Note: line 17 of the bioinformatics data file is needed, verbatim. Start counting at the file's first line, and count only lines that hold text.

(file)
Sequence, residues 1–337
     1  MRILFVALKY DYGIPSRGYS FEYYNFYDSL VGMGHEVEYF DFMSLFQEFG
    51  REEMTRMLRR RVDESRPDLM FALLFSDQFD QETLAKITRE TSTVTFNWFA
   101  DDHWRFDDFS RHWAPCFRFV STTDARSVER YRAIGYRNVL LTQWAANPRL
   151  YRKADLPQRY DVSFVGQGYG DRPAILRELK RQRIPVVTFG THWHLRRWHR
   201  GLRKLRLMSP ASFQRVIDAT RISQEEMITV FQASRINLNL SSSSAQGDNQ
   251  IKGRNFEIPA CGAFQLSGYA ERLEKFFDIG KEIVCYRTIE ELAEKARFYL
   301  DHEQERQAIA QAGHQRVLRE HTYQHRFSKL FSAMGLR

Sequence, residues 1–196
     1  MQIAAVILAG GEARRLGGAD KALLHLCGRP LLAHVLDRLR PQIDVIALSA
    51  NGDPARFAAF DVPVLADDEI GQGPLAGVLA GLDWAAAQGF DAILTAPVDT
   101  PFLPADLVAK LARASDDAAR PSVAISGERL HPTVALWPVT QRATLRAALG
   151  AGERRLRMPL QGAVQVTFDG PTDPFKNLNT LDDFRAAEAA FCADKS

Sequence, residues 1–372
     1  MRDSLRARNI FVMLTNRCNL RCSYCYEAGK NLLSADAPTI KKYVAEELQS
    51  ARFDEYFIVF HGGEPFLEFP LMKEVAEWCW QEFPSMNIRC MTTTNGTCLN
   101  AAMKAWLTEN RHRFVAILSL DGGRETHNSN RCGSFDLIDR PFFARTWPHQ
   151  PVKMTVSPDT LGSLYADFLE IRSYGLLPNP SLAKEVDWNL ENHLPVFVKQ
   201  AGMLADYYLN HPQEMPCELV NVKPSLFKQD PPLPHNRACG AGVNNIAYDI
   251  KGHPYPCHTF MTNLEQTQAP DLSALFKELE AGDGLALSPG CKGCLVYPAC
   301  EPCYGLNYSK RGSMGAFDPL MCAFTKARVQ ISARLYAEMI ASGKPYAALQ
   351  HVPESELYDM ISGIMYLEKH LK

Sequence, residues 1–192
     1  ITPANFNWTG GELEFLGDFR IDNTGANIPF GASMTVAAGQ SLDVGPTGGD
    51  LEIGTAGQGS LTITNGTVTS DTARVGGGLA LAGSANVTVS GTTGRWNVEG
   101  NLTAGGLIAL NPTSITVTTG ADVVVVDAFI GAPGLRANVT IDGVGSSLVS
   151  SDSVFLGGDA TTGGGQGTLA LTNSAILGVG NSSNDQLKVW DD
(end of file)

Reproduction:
   101  AAMKAWLTEN RHRFVAILSL DGGRETHNSN RCGSFDLIDR PFFARTWPHQ